Visit Laos: A Conversation with Stefanie Parks

June 17, 2016
Two Trips to Laos: A Conversation with Stefanie Parks

This month, we’re interviewing women from all over the world and asking them about their experiences traveling to Laos. We had the privilege of speaking with Stefanie Parks about her experience traveling through the country. Here’s a glimpse into our conversation.

Tell us about yourself! What do you do when you’re not traveling the world? Where do you live? What made you decide to go to your most recent destination?

Three years ago, my husband and I quit our jobs in the US and moved to Bangkok to teach English at an international university. We love to travel, and our two weeks vacation time in America just wasn’t cutting it for us. We decided to leave that life behind so we could spend more time traveling. Now, we travel on our summer holidays and write all about our adventures on our blog, The Stave Diaries.

Right before our first semester of teaching in Bangkok, we had to travel to Vientiane, Laos, in order to obtain our work permits so we decided to make a week-long trip of it and also visit Vang Vieng and Luang Prabang as well. Then we went back a second time to see southern Laos.

Motorbiking around Vang Vieng
Motorbiking around Vang Vieng

How long did you go for? How did you spend your time?

We’ve been to Laos twice, each trip was about a week. During our first trip, we went north to Vientiane, Vang Vieng, and Luang Prabang. On our second trip, we headed south to Pakse and Si Phan Don (the 4,000 islands).

What were your most memorable experiences? What were the biggest disappointments?

On our first trip to the north, the most memorable was Vang Vieng. We’d read that this was a crazy party town so we were excited to check it out and see what the river tubing was all about. By the time we went, things had calmed down quite a bit and many of the bars were closed down, but it was still very fun to float down the river and stop at some of the bars along the way for drinks.

The scenery here is also gorgeous. We rented a motorbike and drove around the countryside and it was some of the prettiest scenery we’ve seen. The roads are not very good though so you have to be careful on a motorbike. Luang Prabang was also a very cute and charming town and a perfect stop for a couple of days. We loved the great breads and sandwiches here and all throughout northern Laos.

As for disappointments, I think the biggest disappointment was the food. Other than the great sandwiches and breads, the local Laotian food left a lot to be desired. This was a bit surprising as Isaan food is our favorite type of Thai food, which is heavily influenced by the food in Laos. Yet we didn’t find many Laotian meals during either of our trips there that we liked.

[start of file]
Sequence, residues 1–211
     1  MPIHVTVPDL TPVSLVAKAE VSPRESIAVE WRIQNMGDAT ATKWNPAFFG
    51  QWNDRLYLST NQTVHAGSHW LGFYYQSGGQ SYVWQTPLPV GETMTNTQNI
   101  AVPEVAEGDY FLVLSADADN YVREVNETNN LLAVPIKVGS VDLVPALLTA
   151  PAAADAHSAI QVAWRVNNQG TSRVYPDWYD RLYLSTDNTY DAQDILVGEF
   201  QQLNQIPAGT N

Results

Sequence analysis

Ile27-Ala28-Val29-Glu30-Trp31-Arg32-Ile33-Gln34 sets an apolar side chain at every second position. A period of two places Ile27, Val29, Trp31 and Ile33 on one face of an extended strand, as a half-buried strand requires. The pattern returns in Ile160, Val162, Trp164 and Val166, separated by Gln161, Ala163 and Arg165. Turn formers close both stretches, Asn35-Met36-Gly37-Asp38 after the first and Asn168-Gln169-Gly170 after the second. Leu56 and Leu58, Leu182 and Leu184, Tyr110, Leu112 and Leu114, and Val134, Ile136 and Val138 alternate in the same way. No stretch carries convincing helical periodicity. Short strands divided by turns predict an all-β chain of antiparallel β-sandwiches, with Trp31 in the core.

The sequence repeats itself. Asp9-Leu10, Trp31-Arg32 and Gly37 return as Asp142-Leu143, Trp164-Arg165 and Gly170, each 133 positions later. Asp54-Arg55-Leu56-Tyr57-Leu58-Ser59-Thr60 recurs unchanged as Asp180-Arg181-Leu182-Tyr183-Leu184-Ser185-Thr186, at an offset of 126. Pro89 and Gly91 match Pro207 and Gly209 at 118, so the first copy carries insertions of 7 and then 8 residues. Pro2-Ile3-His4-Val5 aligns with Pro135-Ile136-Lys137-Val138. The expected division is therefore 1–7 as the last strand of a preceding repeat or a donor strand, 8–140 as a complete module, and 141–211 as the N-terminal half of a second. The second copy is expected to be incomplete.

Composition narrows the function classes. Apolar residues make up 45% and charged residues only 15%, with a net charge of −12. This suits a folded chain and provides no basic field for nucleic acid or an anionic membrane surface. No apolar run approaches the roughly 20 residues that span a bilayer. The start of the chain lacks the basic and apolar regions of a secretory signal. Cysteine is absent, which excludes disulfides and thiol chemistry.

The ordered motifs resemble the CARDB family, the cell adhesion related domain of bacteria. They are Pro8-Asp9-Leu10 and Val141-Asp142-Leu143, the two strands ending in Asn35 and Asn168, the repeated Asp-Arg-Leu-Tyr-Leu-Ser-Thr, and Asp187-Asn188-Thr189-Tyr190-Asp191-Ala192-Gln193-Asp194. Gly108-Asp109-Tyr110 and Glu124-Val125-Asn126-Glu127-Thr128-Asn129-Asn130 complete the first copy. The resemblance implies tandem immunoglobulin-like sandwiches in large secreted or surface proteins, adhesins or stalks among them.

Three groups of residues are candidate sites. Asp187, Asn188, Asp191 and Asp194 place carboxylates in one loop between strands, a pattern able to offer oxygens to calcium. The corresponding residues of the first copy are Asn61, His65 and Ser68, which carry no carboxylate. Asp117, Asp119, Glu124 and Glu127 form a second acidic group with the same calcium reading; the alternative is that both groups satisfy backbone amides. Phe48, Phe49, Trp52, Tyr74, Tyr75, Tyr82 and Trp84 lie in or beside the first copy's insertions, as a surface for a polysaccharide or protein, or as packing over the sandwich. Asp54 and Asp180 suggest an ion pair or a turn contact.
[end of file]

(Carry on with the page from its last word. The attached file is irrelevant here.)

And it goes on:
What do you wish you knew before you went?

I wish we knew how long it takes to get around everywhere. The roads aren’t very good so everything seems to take twice as long as it should.

I also wish we knew a little more about Si Phan Don before going there, as we likely wouldn’t have made a separate trip there and traveled such a long time to get there (we went from Bangkok). It was a nice place but probably not worth a whole separate trip. It’s a better place to go if you’re stopping there on the way to somewhere else.

Sandwiches in Luang Prabang
Sandwiches in Luang Prabang

Any favorite restaurants/hotels/hostels/sites you’d like to recommend? Tell us what made them great!

I would definitely recommend getting out of the town of Vang Vieng into the surrounding countryside/mountains. This was probably the most beautiful scenery we saw in the whole country. Make sure to stop at the “Blue Lagoon” (right outside of the Tham Phu Kham Cave)!

There was also an amazing night market in Luang Prabang. They sell great souvenirs and have an awesome food section with rows and rows of tables set up where you can pick out different (vegetarian) dishes and then add meats and fish. This was one of our better meals in Laos.

Is there anything that women specifically should know before they travel to your destination?

Not just in Laos, but generally, women (and men) should always be aware of their surroundings. Always pay attention to where you are and what’s around you.

Once or twice in Laos, we took overnight buses and ended up arriving in our destination much earlier than expected (around 4am). This can be a little scary if you’re alone and don’t have a hotel booked for that night. In Luang Prabang specifically, my husband and I thought we’d be getting in at 6am so we didn’t book a hotel and when we arrived at 4am, we had to walk around for a while to find somewhere that was open. I imagine this would be scary if you were a woman and traveling by yourself.

About Real Deal

On the Real Deal, women share the highlights and challenges from their recent trip–and what they wish they knew before going.

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